Tuesday 23 August 2011


Media Alert
23rd May 2011
740,000 Australians must ask their mother a lifesaving question
Health risks go undetected as local residents could be exposed to DES

Australian women and men are being urged to ask their mothers and grandmothers if they were prescribed the anti-miscarriage drug DES (diethylstilboestrol or "stilboestrol") as part of this year's DES Awareness Week (June 1-7). This year marks the 40th anniversary of the first DES linked cancer finding, and yet there are up to 740,000 Australians affected by this drug, many of whom are still unaware of their exposure and its health risks.

Asking this one simple question could save lives. Many Australians still have not heard about DES, an anti-miscarriage drug prescribed in good faith to pregnant women between 1940 and 1971 (and sometimes beyond).

Carol Devine, DES Action Australia-NSW coordinator and a DES daughter, says it's time now for openness about DES and for this information to be at the forefront in Australian health promotion.

"We constantly hear from people affected, who have only recently learned their health problems have been attributed to DES. Raising conversation about DES to your family and friends is really important. It will help spread the message of the proper care for DES exposure and could even help save the life of someone close," she said.

Problems first arose with this drug in the 1970s. It is now known to increase risks in certain cancers (breast, cervical and vaginal) and cause reproductive problems in those women given DES and their children of that pregnancy.

Dr Jules Black, DES knowledgeable obstetrician and gynaecologist and medical spokesperson for the DES Action group, urges women, who have health histories suggestive of DES exposure, to seek DES information and to visit their doctors.

"Many people remain unaware of their exposure to DES and yet, it is vital that people affected get the specialised health care they need. If you have experienced recurrent miscarriages, t-shape uterus, ectopic (tubal) pregnancies or infertility, it may be a result of exposure to DES," says Dr Black.

Dr Black advises it is important that DES exposed women get the proper screenings to detect cancers early and women exposed to DES in the womb have "high risk" care during their pregnancies. Women can ask for an assessment of DES exposure probability and possible referral to a DES knowledgeable specialist.

Men exposed to DES in the womb can be affected too, with increased risk of genital abnormalities. They should do self-checks regularly and report anything unusual to their doctors.

The estimation that up to 740,000 DES exposed Australians has been calculated from available data. The government has refused to promote DES information in public health programs due to concern this may create community anxiety. This stance by government underestimates and insults the intelligence of Australians, especially where the community has become more health aware and educated over the past 40 years since the problem with DES was first identified. DES Action Australia-NSW has recently taken this matter to the Australian Human Rights Commission.

People can find out about DES at

The website has a listing of DES knowledgeable health care providers in Australia. Information and support is available by phoning DES Action Australia-NSW 02 98754820.


If you were born between 1938 and 1971 (and in some cases beyond), here is how to find out:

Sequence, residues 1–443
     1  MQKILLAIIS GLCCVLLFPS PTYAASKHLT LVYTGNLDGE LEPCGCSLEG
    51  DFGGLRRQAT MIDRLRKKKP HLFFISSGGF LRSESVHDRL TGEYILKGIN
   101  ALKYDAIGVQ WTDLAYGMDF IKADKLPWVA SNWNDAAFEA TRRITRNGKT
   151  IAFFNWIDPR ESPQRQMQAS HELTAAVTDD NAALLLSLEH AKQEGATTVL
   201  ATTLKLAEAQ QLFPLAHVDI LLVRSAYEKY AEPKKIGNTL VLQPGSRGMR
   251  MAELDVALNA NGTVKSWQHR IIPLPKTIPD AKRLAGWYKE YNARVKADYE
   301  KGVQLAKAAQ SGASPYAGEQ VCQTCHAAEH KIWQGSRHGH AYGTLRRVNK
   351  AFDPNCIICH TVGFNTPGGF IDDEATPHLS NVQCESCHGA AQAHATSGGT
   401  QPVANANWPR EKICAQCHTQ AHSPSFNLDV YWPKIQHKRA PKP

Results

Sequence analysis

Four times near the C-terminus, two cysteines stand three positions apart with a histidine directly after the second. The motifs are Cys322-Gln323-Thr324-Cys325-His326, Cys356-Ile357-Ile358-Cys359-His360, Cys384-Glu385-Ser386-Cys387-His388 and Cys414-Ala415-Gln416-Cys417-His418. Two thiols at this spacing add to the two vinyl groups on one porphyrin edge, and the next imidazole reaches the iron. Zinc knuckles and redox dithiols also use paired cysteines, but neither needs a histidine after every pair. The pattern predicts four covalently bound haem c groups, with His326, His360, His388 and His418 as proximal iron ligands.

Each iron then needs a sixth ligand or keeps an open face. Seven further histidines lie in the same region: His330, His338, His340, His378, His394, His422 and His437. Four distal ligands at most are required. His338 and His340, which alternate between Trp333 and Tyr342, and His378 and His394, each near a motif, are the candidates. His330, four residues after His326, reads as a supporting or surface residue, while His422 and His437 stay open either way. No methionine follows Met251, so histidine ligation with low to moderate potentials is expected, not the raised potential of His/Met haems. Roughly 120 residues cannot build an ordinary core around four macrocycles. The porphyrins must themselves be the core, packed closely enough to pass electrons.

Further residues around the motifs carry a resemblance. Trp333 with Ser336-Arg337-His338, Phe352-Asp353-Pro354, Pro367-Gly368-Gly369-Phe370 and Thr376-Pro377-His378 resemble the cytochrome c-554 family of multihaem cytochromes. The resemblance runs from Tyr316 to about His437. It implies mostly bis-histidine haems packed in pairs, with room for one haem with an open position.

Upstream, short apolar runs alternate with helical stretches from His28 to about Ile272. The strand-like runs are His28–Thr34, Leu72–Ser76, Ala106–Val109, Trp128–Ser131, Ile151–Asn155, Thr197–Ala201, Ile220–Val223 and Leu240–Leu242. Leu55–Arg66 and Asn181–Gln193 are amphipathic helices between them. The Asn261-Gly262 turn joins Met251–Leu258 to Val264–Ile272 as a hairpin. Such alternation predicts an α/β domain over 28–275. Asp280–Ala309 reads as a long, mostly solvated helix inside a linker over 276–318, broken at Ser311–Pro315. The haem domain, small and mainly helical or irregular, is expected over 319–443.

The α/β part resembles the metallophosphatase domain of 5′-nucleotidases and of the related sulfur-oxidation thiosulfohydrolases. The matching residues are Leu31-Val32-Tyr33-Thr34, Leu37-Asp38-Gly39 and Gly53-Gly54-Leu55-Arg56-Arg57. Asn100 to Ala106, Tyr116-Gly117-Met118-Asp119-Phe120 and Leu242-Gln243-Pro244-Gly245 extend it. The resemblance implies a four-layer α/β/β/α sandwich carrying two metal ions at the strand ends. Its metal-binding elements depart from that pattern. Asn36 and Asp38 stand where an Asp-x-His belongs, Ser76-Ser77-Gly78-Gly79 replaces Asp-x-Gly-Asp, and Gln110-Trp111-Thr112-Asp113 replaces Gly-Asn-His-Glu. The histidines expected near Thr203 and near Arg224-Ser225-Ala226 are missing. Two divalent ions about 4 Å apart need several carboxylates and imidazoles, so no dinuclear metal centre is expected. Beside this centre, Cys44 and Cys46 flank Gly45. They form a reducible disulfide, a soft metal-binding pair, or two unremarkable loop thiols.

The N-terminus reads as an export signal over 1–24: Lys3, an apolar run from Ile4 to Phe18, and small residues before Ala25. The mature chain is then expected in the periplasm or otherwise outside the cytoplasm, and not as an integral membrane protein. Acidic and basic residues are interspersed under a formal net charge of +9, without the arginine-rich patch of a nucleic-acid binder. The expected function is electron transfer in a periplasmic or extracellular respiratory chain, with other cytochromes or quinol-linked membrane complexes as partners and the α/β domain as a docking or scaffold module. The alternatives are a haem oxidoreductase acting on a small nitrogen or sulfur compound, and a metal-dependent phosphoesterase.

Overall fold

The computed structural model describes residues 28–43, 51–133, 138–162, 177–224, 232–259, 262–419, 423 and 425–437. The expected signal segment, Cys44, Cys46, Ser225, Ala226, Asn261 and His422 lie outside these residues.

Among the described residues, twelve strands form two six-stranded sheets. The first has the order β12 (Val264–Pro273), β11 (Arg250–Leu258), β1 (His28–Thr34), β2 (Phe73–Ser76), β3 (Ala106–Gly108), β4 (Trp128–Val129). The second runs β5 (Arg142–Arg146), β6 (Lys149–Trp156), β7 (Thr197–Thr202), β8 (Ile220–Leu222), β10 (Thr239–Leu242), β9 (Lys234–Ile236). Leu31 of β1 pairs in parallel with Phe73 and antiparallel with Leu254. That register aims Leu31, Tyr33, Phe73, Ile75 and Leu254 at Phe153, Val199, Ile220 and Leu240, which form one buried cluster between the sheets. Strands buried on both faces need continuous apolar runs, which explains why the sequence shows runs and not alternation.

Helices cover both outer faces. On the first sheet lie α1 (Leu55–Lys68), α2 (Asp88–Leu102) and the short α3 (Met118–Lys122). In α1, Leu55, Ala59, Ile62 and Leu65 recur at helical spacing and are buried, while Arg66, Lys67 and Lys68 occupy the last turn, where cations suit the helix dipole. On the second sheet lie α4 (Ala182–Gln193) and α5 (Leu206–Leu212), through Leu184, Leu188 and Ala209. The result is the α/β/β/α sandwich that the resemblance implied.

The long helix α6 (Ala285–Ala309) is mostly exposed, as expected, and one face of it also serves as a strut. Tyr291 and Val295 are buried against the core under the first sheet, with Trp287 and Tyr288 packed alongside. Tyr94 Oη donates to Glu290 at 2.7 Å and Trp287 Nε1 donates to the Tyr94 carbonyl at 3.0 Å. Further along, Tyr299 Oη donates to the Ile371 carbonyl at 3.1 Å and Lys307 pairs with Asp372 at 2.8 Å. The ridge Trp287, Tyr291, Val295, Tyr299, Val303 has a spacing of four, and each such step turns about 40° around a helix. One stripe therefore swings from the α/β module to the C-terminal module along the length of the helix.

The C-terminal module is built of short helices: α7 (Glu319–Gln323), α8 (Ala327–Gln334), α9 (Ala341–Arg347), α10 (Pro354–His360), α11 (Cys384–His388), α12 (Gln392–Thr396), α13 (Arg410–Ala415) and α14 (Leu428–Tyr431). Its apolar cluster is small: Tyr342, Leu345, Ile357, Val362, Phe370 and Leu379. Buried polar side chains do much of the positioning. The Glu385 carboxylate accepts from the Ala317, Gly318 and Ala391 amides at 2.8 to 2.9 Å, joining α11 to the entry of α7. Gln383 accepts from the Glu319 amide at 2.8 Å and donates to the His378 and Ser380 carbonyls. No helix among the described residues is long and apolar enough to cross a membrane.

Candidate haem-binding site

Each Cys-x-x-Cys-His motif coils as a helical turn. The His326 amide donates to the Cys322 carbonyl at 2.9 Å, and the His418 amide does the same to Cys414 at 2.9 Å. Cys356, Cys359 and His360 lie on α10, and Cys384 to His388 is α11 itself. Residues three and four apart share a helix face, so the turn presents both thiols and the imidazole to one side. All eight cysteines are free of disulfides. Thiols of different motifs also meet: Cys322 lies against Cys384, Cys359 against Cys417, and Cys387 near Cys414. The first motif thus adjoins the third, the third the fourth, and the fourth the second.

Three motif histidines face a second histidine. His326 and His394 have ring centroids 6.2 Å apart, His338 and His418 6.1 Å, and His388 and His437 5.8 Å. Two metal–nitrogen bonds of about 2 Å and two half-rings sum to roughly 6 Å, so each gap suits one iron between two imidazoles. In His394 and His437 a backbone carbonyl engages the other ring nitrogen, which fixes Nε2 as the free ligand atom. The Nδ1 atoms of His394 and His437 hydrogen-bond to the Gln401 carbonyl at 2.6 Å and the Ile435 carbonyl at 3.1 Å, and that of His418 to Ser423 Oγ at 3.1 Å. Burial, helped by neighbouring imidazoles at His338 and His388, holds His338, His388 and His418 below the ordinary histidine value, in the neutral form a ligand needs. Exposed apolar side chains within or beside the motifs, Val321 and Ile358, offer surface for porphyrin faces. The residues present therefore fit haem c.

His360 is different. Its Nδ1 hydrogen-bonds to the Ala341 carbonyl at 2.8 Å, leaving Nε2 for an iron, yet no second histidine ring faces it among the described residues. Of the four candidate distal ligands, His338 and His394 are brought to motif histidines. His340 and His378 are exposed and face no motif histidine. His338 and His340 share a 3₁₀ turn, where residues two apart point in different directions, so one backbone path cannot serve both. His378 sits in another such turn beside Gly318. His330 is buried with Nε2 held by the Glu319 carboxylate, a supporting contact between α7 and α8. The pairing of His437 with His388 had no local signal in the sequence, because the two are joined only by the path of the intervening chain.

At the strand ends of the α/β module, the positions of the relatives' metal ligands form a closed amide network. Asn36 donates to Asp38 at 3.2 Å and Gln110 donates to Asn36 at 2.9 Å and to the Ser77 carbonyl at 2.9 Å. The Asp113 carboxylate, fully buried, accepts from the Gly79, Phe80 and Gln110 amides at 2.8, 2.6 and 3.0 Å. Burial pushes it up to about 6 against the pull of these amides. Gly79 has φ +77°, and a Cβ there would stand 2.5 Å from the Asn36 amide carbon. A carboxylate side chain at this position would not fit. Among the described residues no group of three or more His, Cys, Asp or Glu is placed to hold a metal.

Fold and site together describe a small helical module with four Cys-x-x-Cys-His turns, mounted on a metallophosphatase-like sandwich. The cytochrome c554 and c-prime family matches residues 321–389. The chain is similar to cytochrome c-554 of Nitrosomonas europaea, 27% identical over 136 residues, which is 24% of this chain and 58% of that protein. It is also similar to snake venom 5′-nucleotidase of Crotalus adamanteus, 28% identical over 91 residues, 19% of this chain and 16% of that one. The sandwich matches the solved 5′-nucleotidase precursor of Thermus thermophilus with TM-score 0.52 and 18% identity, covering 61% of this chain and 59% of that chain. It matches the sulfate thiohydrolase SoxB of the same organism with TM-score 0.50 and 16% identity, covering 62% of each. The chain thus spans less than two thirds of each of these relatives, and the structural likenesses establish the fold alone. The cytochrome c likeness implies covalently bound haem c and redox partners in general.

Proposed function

• Ask your mother if she recalls having a previous miscarriage or being given medications while pregnant. DES was most commonly prescribed to prevent miscarriage and for pregnancy complications such as bleeding. It was also known as "stilboestrol". If you are unable to ask your mother, your own health history may offer clues - especially if you have had a series of reproductive problems such as cancer, infertility, or endometriosis. Progesterone, another hormone, may have also been used to prevent miscarriage and research has not shown problems with this. However, if your mother remembers only being given "hormones" during pregnancy, it is worthwhile having a specialist check-up, informing the doctor your mother was given hormones during pregnancy.
  • Do your research. If you think you may have been affected by DES, ask your doctor for more information, and visit www.desnsw.blogspot.com

    for support and resources.
  • Be prepared. Taking DES information along to appointments is very helpful, so that health professionals understand that special cancer preventive care for DES exposed women is important and should be life-long.
  • You are not alone. In the USA, screenwriter and DES activist, Caitlin McCarthy, only learned of her in utero DES exposure in 2005. She is poignant in her internet message for people to overcome feelings of embarrassment and to start talking about DES. Caitlin can be heard at


  • Think about your health. Health problems associated with DES for DES daughters include risk for miscarriage and ectopic (tubal) pregnancy, premature delivery, infertility, and reproductive tract cancers, primarily of the vagina and cervix. DES sons are at increased risk for urogenital conditions such as undescended testes and epididymal cysts (benign growths around the testes).
If you are DES exposed or suspect that you are:
  • Relay this to your health care provider. DES exposure is as important to your health history as conditions like diabetes or heart problems.
  • Mark your diary to have your special DES health checks.
  • Keep updated and talk to your family about DES. Overseas research about DES is ongoing, so it is important for you and your family to keep informed.
  • Seek support if needed
Graphic available
For more information, interviews or personal stories, contact:
Carol Devine

P: (02) 98754820